When it comes to a self-service portal, WCAG compliance is crucial.

Self-service portals are often used by customers to access information, make transactions, or interact with support services. If these portals are not accessible, individuals with disabilities may face barriers in accessing essential services, leading to frustration and potential loss of business.

By designing and developing a WCAG-compliant self-service portal, you ensure that individuals with disabilities can independently navigate, understand, and interact with the content and functionalities. This may involve incorporating features such as keyboard accessibility, providing alternative text for images, ensuring proper color contrast, offering captioning and transcripts for multimedia content and designing forms that are easy to understand and complete.

WCAG and TeamDynamix

TeamDynamix wants end-user portals to be available to everyone, which means making them as accessible as possible.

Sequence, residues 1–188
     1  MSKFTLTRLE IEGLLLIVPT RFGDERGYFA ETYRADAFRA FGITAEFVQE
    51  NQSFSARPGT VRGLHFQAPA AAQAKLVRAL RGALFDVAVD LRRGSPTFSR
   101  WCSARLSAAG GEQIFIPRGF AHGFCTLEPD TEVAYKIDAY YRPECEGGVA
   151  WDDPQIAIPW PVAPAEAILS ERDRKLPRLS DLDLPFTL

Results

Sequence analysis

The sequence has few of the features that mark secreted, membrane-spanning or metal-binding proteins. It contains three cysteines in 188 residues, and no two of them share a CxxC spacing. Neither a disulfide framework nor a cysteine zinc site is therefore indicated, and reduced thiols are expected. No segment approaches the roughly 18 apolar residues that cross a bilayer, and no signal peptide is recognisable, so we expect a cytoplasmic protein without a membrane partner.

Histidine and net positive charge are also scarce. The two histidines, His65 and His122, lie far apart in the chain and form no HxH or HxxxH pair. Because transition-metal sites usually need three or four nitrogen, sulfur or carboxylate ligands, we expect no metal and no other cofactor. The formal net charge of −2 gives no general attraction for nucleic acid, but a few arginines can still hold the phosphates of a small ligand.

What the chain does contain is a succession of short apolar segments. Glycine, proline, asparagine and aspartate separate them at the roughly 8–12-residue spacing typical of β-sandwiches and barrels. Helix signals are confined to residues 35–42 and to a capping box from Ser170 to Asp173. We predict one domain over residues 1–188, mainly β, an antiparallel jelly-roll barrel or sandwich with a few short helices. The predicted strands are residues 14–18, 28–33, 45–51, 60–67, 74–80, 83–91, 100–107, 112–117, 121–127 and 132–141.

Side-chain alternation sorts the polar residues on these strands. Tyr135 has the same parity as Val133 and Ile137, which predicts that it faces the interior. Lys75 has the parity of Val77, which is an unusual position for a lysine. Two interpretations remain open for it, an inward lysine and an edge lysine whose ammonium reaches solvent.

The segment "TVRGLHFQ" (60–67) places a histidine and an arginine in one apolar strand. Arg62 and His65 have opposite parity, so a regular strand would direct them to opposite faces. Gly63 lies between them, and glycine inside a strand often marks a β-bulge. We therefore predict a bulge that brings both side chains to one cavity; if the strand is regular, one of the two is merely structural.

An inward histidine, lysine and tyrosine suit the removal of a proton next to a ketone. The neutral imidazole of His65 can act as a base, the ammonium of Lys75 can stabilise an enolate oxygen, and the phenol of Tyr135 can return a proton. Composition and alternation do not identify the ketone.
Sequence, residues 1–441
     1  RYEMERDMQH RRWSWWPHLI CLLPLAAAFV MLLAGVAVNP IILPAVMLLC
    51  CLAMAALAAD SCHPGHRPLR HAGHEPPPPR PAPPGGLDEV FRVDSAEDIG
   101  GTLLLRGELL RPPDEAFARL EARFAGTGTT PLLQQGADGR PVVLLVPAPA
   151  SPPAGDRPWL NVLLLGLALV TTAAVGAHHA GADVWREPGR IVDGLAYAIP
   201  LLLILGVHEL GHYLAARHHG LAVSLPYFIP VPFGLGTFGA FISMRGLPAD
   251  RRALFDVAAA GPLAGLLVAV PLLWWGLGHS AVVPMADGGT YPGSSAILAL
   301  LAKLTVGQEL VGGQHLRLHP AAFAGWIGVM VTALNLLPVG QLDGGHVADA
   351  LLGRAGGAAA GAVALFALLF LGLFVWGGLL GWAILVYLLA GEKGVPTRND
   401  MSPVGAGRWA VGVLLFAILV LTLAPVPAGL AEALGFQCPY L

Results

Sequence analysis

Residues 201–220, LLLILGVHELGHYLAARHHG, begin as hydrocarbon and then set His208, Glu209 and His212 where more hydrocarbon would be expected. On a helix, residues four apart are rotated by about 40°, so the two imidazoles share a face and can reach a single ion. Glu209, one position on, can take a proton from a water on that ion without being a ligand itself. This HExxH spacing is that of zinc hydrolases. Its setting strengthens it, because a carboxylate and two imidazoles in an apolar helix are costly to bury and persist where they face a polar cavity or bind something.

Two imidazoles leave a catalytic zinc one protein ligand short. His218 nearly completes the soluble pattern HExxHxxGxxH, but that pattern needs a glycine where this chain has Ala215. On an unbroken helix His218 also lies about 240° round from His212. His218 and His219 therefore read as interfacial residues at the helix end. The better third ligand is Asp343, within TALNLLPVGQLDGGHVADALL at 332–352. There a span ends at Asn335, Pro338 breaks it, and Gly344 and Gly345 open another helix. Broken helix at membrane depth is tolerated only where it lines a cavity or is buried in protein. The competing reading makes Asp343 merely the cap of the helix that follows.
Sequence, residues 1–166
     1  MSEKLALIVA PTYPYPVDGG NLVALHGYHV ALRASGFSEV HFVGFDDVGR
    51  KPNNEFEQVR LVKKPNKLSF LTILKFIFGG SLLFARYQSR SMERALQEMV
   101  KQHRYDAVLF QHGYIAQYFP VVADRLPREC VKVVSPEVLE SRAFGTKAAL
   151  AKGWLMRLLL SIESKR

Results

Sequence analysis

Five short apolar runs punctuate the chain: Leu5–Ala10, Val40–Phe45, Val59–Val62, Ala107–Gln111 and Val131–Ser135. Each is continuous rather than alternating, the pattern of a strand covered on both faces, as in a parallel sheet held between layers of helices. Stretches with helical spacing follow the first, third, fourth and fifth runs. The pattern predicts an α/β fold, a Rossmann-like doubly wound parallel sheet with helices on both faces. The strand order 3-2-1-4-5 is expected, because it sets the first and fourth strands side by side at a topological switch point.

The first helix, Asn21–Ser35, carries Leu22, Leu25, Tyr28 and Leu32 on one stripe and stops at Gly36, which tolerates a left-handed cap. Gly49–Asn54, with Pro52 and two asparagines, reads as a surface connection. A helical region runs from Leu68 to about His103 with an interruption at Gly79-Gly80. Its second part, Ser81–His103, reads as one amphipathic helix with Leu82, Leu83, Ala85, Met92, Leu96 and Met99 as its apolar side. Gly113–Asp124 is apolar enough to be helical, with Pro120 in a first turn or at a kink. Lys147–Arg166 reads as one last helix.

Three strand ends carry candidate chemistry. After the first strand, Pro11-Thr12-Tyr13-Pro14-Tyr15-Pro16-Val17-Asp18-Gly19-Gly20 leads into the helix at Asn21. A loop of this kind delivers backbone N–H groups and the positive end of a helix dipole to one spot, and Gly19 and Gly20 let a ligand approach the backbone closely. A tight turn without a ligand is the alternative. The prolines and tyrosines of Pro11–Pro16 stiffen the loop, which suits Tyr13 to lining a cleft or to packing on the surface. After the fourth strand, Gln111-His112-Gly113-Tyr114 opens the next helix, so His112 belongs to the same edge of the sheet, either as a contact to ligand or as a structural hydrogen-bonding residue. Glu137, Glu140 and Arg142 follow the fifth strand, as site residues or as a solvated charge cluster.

Our portal is WCAG 2.0 AA compliant out-of-the-box which will allow your organization to meet accessibility standards immediately- there is no additional work to be done to reach certain standards.

Even when you make changes within the portal, everything will automatically continue to meet requirements.  

Organizations that provide a website that is accessible to all inherently show their users that each of them is important, which is one way to stand out.

If you’re interested in checking out the stellar portals of some of our customers that are WCAG 2.0/508 compliant, you can do that here

Portal Best Practices

In addition to putting a focus on accessibility, there are two other best practices we would like to point out: making sure your portal is easy to use and building a useful knowledge base. 

Having a portal that is easy to use, own and operate means making sure it looks and feels welcoming. This includes making it easy to navigate, including graphical elements that users will recognize, and using simple language to communicate with the user.

If you want people to use your portal it should look and feel welcoming.

Your portal needs to be easy to navigate, include graphical elements (i.e., branding, images, etc.) that your users will recognize, and you should use jargon-free language to get your message across. For example, a button that says “Get Help” will likely perform better than a button that says “Submit Ticket.” Be clear and direct with all of your calls to action and messaging.